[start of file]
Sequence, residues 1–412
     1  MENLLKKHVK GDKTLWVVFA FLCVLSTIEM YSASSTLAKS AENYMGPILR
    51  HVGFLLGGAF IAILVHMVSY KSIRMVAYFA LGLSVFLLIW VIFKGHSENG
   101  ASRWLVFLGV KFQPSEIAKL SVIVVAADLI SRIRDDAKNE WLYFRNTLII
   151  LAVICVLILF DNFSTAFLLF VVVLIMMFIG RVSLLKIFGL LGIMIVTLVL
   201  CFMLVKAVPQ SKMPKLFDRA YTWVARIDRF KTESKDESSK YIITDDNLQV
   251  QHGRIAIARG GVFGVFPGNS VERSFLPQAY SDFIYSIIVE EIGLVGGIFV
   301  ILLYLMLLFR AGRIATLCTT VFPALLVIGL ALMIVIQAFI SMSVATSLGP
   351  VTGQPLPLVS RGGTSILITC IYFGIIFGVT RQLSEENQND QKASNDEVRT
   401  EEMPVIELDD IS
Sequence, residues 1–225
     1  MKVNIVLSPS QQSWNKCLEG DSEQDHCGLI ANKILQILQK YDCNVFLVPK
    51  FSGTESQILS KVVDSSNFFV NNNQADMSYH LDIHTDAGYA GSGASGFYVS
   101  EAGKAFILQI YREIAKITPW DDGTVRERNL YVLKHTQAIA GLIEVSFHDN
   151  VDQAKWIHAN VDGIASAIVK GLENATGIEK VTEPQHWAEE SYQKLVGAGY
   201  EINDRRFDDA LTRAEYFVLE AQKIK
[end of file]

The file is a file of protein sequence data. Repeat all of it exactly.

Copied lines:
Sequence, residues 1–412
     1  MENLLKKHVK GDKTLWVVFA FLCVLSTIEM YSASSTLAKS AENYMGPILR
    51  HVGFLLGGAF IAILVHMVSY KSIRMVAYFA LGLSVFLLIW VIFKGHSENG
   101  ASRWLVFLGV KFQPSEIAKL SVIVVAADLI SRIRDDAKNE WLYFRNTLII
   151  LAVICVLILF DNFSTAFLLF VVVLIMMFIG RVSLLKIFGL LGIMIVTLVL
   201  CFMLVKAVPQ SKMPKLFDRA YTWVARIDRF KTESKDESSK YIITDDNLQV
   251  QHGRIAIARG GVFGVFPGNS VERSFLPQAY SDFIYSIIVE EIGLVGGIFV
   301  ILLYLMLLFR AGRIATLCTT VFPALLVIGL ALMIVIQAFI SMSVATSLGP
   351  VTGQPLPLVS RGGTSILITC IYFGIIFGVT RQLSEENQND QKASNDEVRT
   401  EEMPVIELDD IS
Sequence, residues 1–225
     1  MKVNIVLSPS QQSWNKCLEG DSEQDHCGLI ANKILQILQK YDCNVFLVPK
    51  FSGTESQILS KVVDSSNFFV NNNQADMSYH LDIHTDAGYA GSGASGFYVS
   101  EAGKAFILQI YREIAKITPW DDGTVRERNL YVLKHTQAIA GLIEVSFHDN
   151  VDQAKWIHAN VDGIASAIVK GLENATGIEK VTEPQHWAEE SYQKLVGAGY
   201  EINDRRFDDA LTRAEYFVLE AQKIK